The Cosmic Person, though not an independent existence from the standpoint of the Brahman of intuition, is much more real than the universe and its individual contents. Though below Brahman, God is above the world, and controls the world as its perfect master. So long as our personality is real, God also is real, and, if the personal God is to be rejected as unreal, we ourselves have no right to live as individuals. The personal Ishvara is not opposed to the impersonal Brahman, but is Brahman only as we understand it. But we, as individuals, are relative, and our relative views are bound to be sublated and transcended in a higher experience. The precision of the discriminative faculty is compelled to adopt an extreme of spiritual unworldliness, whether or not it is pleasing to our weaker human side. Our inability to embrace the strictest Truth makes us demand a God who is relative to the empirical world. Saner perception, however, does not condescend to accept the permanent reality of a cosmic objective God, as the form of objective existence is not independent of the processes of the subjective consciousness. If all appearances are unintelligible, Ishvara who can only be an appearance of the Real, is equally unintelligible. It is not Brahman that changes itself into God and the world, but the knowing subject that takes Brahman as such. When thought is no more, the individual is annulled, and together with it Ishvara and the world sink into Pure Being. It is not possible to rest contented that a personal God is the ultimate Reality, however displeasing this may be to those who do not want to dispense with thinking in terms of the categories of the world. The philosopher-aspirant who is possessed of a flaming passion for integrating himself in Existence does not have the dull patience to linger on with the slow process of progressive self-transcendence through the channels of the different degrees of reality. The highest scientific mind always tries to cling to the Whole, and not to even the biggest part, for, according to it, partiteness in existence is illogical and an ignorant conception. Truth, dependent on its own Self, transcends even the ideas of omniscience and omnipotence, for these involve relations which are a limitation on the Absolute. And, yet, we find the Vedas and the Upanishads giving intimations of a Personal Purusha, the Purushottama, the Source, Being and End of the universe, which gives us an idea of the impartial attitude which the ancient seers had towards the different conceptions of Reality, and of that magnificent vision of the One in the many which they possessed and articulated in sublime states of the Consciousness of the totality of creation.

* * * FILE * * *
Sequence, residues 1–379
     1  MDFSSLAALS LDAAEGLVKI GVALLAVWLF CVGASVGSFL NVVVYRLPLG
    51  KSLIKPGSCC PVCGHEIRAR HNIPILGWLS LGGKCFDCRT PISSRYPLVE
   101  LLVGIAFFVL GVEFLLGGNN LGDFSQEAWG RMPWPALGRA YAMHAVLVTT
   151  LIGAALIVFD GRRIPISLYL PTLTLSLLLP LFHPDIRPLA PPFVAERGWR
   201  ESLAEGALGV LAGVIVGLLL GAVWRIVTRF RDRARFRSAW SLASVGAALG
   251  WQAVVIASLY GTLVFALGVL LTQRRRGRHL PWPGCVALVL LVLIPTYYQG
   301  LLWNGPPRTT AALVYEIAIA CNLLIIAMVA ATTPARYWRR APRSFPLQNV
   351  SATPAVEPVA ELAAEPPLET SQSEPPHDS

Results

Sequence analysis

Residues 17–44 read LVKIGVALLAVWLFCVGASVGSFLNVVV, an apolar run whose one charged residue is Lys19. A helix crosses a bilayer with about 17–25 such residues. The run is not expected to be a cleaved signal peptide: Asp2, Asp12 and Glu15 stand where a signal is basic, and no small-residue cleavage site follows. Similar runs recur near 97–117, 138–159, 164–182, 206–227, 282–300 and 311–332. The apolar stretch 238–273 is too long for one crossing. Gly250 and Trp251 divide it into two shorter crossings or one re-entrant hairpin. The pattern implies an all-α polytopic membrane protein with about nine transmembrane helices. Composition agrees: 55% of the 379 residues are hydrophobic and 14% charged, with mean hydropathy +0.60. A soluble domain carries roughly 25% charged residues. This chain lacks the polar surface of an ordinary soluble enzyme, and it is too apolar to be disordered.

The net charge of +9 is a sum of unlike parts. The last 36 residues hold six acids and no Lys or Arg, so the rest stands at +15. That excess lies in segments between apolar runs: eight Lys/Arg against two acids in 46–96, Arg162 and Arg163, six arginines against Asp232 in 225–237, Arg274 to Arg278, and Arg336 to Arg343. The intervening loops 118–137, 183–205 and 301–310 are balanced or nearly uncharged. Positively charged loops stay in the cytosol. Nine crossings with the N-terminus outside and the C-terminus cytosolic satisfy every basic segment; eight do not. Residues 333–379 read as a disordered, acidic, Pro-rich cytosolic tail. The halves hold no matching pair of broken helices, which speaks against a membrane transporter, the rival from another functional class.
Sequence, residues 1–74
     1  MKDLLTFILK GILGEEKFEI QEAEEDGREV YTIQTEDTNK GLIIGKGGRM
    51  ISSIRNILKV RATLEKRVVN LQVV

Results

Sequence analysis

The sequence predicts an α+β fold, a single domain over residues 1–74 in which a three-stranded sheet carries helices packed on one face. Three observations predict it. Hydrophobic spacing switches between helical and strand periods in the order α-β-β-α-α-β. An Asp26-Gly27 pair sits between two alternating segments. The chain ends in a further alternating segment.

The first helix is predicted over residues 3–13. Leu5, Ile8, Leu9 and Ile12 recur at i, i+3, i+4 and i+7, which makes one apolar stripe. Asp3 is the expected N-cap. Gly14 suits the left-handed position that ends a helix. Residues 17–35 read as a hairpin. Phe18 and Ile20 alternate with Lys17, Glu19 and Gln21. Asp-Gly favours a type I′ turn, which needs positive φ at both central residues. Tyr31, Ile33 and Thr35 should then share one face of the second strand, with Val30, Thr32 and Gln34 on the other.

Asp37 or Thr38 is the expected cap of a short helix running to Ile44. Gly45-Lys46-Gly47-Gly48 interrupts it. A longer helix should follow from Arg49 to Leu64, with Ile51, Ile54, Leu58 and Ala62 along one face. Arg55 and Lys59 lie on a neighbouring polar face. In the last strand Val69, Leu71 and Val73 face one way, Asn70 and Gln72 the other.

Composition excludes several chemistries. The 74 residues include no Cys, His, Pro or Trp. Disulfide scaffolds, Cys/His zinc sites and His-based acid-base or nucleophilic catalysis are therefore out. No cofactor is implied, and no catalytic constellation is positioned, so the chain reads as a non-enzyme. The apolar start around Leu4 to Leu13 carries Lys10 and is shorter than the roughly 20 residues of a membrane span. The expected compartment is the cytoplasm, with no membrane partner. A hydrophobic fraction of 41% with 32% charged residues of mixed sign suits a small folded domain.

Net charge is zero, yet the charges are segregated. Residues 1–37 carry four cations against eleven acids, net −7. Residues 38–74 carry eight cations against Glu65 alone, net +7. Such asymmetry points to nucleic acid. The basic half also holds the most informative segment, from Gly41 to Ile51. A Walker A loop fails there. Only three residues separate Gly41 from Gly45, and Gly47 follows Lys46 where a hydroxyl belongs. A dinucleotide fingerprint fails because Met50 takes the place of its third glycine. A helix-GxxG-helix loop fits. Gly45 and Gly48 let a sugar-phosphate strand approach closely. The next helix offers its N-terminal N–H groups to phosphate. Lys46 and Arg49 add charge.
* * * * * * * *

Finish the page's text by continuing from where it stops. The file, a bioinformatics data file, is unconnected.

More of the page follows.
The first visualisation of the Cosmic Purusha is expressed in the celebrated hymn of the Rigveda, called the Purusha-Sukta.

“Thousand-headed was the Purusha, thousand-eyed and thousand-legged. He, covering the earth on all sides, stretched Himself beyond it by ten fingers' length. All this is the Purusha alone, whatever was and whatever shall be.... One-fourth of Him all beings are, (but) three-fourths of Him is immortal in the (highest) heaven.” —Rigveda, X. 90.